Due to information that was omitted from a chart provided by the Minnesota Department of Education, the total amount of new education dollars was incorrect for several area school districts in a story in Wednesday's Tribune. The chart compared new education dollars proposed by the governor's office, the Minnesota House and the Minnesota Senate.
On the face of it, Waubun-Ogema-White Earth would get twice as much ($938,000) under the House plan as the $431,000 it would receive under Dayton's plan. It would receive $250,000 under the Senate plan.
But the numbers are deceptive because the House would also take away about $552,000 in PreK funding over two years, so the actual amount of new money for Waubun-Ogema under the House plan would be about $386,000.
Waubun would receive $552,000 for the PreK program under both Dayton's plan and the Senate proposal. The House proposal does not fund any preK programs.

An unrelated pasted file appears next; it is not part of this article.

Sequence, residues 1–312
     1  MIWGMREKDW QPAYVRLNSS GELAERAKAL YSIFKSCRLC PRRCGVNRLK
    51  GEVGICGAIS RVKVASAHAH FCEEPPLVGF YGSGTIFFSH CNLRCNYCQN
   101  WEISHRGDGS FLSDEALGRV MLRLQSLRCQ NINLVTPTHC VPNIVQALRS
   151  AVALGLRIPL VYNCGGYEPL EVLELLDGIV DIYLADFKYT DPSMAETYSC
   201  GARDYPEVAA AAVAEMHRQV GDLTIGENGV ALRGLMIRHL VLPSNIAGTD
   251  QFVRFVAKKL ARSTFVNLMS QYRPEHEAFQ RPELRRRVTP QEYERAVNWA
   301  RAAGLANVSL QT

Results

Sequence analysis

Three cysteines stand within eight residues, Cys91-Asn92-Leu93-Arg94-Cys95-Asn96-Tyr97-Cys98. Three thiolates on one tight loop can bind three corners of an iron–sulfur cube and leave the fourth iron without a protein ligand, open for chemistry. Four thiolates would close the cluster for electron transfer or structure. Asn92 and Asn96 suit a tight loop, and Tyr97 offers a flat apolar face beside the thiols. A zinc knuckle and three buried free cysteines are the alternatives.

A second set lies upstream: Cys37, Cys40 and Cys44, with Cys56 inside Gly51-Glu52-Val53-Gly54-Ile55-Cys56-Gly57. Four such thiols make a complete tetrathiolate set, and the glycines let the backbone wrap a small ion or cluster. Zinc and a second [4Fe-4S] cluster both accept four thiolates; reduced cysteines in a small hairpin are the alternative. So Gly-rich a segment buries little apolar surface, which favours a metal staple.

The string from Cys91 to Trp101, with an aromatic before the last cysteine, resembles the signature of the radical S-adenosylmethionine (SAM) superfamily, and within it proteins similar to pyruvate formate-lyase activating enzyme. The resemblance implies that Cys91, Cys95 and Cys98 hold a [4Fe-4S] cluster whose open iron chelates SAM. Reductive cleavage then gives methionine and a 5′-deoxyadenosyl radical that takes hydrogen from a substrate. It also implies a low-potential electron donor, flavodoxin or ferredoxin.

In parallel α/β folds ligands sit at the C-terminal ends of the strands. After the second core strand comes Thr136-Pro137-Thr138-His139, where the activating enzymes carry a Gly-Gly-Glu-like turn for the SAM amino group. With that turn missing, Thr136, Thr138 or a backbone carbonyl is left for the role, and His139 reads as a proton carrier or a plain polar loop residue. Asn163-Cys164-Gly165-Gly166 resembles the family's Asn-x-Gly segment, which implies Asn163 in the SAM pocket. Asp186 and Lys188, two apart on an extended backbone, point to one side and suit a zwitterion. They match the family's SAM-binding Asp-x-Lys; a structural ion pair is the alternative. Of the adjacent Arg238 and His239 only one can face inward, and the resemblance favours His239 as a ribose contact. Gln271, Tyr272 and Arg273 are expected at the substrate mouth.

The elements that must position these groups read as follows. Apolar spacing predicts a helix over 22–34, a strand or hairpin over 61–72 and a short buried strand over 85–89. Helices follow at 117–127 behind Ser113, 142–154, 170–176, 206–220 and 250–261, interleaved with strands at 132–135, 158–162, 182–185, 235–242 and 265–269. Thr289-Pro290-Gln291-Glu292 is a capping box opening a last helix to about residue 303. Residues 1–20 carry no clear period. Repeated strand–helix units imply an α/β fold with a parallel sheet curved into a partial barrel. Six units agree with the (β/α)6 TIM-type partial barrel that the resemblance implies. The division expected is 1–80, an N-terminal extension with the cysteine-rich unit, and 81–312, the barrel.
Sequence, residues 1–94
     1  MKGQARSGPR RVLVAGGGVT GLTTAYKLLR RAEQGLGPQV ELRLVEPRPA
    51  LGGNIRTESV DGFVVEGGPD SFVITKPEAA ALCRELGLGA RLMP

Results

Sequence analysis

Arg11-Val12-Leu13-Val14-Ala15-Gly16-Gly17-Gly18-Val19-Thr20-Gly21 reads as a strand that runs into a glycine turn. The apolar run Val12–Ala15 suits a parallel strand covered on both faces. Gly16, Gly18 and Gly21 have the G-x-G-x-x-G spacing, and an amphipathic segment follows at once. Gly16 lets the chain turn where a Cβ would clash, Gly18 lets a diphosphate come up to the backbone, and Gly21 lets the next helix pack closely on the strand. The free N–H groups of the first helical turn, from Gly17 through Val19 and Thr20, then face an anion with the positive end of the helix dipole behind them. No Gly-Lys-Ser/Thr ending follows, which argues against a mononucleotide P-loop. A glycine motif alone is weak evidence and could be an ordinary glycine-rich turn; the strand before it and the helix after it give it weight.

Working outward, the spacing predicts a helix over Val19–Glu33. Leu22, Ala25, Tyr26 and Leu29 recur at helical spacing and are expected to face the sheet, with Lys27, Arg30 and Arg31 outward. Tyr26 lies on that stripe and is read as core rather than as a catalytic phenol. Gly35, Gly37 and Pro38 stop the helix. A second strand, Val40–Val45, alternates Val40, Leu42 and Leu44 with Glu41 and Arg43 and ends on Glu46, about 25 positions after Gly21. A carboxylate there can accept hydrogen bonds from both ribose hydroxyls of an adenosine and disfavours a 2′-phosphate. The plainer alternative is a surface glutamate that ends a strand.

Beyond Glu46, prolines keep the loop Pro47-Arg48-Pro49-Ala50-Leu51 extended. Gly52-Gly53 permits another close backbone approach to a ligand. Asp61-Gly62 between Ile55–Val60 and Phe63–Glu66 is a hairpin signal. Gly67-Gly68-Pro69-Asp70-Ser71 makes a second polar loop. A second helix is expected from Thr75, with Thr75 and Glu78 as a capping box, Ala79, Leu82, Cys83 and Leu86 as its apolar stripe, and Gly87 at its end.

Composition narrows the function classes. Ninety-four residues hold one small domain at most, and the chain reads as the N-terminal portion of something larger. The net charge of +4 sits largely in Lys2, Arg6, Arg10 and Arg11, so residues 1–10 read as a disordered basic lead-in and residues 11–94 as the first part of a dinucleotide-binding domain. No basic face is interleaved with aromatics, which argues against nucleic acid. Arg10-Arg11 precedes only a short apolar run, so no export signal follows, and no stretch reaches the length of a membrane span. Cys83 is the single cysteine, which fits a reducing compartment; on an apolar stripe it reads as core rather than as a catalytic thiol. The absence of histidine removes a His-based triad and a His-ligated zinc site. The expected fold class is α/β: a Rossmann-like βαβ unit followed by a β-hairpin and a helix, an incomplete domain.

When it comes to new dollars for education, the House plan giveth and the House plan taketh away, and that's also true for the Mahnomen School District, which on the face of it would get more ($615,000) under the House plan than the $502,000 it would receive under Dayton's plan. It would get $289,000 under the Senate plan.
Again, the House would cut $327,000 in existing PreK funding over two years, so the House plan ultimately provides just $288,000 in new money for Mahnomen Schools.
That's also true for Pelican Rapids, which would seemingly get more ($597,000) under the House plan compared to $521,000 under Dayton's plan and $314,000 under the Senate plan. But The House also takes away $419,000 in PreK funding over two years, so the actual amount of new money for Pelican Rapids under the House plan is $178,000.
Nevis is in the same boat-it would seemingly receive $501,000 in new money under the House plan, and $348,000 under Dayton's plan. It would get $218,000 under the Senate plan. But the House plan takes away $342,000 in PreK funding over two years, so the total amount of new money to Nevis under the House plan is about $159,000.
So public school districts do best under Dayton's plan. The House and Senate, on the other hand, would spend a lot more on tax cuts.